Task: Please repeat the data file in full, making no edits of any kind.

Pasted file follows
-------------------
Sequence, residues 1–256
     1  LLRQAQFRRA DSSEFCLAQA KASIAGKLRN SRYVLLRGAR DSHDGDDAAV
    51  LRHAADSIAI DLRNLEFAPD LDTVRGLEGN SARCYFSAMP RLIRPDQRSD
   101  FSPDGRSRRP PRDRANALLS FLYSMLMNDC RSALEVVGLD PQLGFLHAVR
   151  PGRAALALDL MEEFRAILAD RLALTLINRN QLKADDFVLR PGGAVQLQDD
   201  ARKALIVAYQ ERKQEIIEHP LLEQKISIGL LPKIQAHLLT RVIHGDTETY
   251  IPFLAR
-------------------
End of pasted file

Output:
Sequence, residues 1–256
     1  LLRQAQFRRA DSSEFCLAQA KASIAGKLRN SRYVLLRGAR DSHDGDDAAV
    51  LRHAADSIAI DLRNLEFAPD LDTVRGLEGN SARCYFSAMP RLIRPDQRSD
   101  FSPDGRSRRP PRDRANALLS FLYSMLMNDC RSALEVVGLD PQLGFLHAVR
   151  PGRAALALDL MEEFRAILAD RLALTLINRN QLKADDFVLR PGGAVQLQDD
   201  ARKALIVAYQ ERKQEIIEHP LLEQKISIGL LPKIQAHLLT RVIHGDTETY
   251  IPFLAR